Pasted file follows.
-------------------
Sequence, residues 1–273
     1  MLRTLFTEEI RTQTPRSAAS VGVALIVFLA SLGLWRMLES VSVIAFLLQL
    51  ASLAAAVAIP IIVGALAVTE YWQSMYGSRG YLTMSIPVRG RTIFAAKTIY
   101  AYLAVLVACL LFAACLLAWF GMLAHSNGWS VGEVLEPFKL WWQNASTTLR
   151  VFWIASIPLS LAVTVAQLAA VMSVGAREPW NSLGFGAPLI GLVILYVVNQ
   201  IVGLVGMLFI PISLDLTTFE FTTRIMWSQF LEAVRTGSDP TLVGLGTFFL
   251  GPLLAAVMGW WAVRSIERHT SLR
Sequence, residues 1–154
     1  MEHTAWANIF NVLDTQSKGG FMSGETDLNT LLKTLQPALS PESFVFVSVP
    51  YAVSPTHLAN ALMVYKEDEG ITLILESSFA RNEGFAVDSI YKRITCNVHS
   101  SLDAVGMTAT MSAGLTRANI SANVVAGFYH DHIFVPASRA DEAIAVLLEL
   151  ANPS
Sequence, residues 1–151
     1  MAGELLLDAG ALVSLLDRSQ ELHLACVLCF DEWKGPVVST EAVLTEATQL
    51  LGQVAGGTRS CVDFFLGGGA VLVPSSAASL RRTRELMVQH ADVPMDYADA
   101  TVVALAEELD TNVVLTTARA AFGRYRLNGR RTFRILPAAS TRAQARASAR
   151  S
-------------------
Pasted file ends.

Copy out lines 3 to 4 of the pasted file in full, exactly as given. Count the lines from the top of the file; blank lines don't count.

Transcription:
    51  ASLAAAVAIP IIVGALAVTE YWQSMYGSRG YLTMSIPVRG RTIFAAKTIY
   101  AYLAVLVACL LFAACLLAWF GMLAHSNGWS VGEVLEPFKL WWQNASTTLR